[time-nuts] GPS message jitter (was GPS for Nixie Clock)
scott.j.stobbe at gmail.com
Mon Jul 18 16:44:19 EDT 2016
Well, I suppose in the case of USB, the host hardware (consumer PC) is not
going to have any special hardware. But, if a gps receiver implements a USB
interface, in addition to standard NEMA data, it could also report the
phase and frequency error of your USB clock (since it has to recover it
anyways to get the usb data).
I don't have the answer here, but usb-audio ICs suffer similar problems in
clock distribution. The gist of it seems to be locking on the hosts SOF
packets. PROGRAMMABLE CLOCK GENERATION AND SYNCHRONIZATION FOR USB AUDIO
On Mon, Jul 18, 2016 at 2:43 PM, jimlux <jimlux at earthlink.net> wrote:
> On 7/18/16 8:51 AM, Scott Stobbe wrote:
>> I suppose it is one of those cases where, the GPS designers decided you
>> shouldn't ever use the serial data for sub-second timing, and consequently
>> spent no effort on serial latency and jitter.
>> Most UARTs I have come across have been synthesized with a 16x baud clock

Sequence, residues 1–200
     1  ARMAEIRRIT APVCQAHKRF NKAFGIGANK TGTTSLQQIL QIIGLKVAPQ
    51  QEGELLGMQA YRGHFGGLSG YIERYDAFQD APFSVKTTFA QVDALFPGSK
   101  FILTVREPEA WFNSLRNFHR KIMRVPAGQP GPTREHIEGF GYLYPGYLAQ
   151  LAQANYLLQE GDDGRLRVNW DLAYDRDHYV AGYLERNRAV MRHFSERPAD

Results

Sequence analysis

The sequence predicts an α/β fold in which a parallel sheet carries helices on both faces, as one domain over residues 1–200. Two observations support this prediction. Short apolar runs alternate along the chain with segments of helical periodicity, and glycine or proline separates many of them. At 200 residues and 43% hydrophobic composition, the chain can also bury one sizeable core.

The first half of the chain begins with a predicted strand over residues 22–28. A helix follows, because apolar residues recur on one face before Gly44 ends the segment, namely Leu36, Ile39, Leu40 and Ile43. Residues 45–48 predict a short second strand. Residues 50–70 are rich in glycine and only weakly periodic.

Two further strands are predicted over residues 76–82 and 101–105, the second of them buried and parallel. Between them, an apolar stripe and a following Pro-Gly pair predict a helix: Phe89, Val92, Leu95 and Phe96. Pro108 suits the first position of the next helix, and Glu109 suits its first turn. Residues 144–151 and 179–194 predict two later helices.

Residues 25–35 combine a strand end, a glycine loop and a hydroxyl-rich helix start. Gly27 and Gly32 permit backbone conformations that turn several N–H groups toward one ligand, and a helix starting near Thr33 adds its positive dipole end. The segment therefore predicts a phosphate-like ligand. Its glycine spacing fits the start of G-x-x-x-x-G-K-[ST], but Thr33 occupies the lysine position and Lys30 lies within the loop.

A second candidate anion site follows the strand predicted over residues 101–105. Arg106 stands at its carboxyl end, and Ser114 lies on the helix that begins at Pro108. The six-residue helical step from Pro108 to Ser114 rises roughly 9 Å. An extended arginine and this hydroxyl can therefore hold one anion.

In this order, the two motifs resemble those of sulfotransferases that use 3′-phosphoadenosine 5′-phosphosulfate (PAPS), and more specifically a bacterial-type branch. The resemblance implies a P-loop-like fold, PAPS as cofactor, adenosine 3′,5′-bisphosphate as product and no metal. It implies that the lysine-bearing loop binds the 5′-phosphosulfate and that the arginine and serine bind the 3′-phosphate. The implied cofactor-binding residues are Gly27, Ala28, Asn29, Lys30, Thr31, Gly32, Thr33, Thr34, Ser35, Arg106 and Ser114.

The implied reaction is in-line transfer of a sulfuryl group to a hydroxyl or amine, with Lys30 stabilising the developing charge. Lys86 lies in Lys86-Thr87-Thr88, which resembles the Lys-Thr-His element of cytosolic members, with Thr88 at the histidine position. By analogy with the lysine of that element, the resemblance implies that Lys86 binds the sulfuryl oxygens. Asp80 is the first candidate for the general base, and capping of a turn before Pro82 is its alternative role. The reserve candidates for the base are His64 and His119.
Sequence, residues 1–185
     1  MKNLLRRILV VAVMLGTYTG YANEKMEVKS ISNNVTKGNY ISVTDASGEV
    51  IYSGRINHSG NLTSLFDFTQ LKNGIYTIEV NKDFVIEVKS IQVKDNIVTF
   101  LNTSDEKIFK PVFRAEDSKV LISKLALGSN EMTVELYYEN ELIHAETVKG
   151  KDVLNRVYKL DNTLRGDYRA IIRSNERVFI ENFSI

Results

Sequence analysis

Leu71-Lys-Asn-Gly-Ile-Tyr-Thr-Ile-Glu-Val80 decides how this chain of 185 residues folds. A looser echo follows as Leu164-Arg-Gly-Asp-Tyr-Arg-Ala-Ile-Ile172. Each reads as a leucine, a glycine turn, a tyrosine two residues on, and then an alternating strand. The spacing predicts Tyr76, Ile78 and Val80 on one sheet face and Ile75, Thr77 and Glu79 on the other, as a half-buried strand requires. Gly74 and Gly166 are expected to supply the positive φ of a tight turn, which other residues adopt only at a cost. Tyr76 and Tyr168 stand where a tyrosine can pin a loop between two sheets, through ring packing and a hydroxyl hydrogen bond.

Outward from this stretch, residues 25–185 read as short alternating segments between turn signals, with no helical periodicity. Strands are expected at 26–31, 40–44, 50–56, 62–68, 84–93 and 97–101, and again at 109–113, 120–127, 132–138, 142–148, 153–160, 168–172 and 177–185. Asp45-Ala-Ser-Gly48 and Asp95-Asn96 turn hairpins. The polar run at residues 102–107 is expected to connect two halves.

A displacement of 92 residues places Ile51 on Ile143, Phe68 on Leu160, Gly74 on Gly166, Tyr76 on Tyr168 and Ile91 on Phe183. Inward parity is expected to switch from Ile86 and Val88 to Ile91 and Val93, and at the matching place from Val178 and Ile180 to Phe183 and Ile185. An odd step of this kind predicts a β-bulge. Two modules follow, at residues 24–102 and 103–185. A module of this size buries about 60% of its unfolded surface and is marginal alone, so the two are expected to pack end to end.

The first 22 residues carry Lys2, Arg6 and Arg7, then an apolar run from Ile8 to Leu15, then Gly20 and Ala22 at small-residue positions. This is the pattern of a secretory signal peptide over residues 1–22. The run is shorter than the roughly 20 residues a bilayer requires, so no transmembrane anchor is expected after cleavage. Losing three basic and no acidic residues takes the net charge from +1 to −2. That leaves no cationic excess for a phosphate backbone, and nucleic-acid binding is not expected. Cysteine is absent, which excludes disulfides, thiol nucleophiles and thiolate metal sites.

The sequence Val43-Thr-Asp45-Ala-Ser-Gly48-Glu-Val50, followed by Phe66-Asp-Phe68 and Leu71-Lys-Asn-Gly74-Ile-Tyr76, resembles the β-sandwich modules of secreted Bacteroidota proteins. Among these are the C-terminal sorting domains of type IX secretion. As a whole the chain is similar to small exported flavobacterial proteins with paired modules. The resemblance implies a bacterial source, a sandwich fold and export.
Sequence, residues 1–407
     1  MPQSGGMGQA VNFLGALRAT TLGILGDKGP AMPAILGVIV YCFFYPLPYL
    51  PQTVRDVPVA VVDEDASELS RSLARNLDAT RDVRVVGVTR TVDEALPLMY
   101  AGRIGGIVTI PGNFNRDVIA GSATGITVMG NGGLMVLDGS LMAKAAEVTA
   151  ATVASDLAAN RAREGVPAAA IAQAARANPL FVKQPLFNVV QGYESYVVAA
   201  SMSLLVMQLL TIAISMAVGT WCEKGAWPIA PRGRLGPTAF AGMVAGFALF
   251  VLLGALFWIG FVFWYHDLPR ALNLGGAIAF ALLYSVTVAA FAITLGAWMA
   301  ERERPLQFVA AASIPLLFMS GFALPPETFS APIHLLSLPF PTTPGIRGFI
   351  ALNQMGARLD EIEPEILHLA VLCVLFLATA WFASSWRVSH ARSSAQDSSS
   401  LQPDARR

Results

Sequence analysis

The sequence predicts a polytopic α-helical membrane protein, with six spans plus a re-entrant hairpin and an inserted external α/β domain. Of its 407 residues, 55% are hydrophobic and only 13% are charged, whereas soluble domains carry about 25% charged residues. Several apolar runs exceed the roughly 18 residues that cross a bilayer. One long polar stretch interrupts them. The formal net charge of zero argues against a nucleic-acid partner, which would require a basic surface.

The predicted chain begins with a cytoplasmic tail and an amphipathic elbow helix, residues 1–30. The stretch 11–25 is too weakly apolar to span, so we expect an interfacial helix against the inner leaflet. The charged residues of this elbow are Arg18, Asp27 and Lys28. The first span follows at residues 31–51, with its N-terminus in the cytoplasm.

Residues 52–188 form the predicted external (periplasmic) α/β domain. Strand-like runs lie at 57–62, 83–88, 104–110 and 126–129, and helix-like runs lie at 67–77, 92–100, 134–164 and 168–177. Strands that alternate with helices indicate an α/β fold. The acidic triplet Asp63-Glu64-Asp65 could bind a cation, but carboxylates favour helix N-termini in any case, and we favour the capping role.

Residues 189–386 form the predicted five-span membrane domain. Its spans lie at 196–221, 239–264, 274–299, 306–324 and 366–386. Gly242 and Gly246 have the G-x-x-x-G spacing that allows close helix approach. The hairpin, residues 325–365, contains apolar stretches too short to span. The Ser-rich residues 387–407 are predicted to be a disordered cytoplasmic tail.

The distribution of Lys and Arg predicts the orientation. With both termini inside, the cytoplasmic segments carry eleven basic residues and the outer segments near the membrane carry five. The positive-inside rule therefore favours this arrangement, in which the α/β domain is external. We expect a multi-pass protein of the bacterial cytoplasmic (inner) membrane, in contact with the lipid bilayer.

>> and included flow control. It would not have been too much effort to spec
>> latency as some mu ±100 ns and jitter of ±1/(16*baud).
>> For 9600 baud, the jitter on the start bit would be ±6.5 us.
>> If CTS was resampled a 1 full bit time (9600 baud), the jitter would
>> be ±104 us.
> except that virtually every UART in use today has some sort of buffering
> (whether a FIFO or double buffering) between the CPU interface and the bits
> on the wire, which completely desynchronizes the bits on the wire from the
> CPU interface.
> Determinism in UART timing between the CPU bus interface and the "bits on
> the wire" has never been something that is specified. You can go back to
> venerable parts like the 8251, and there's no spec in the data sheet.
> ( there's a tCR specified as 16 tCY for the read setup time from CTS*,
> DSR* to READ* assert. And tSRX (2 usec min) and tHRX (2 usec min) for the
> setup and hold of the internal sampling pulse relative to RxD. And 20 tCY
> as a max from center of stop bit to RxRDY, and then whatever the delay is
> from the internal RxRDY to the bus read)
> There's "what we observed in a running circuit" or "what we inferred from
> knowing the internal design".
> Since a huge number of serial ports these days are implemented with a USB
> interface, the timing uncertainty is even greater, because you're dealing
> with the 8kHz frame timing on USB.
> This is why PTP compatible interfaces added time tagging to the PHY layer.
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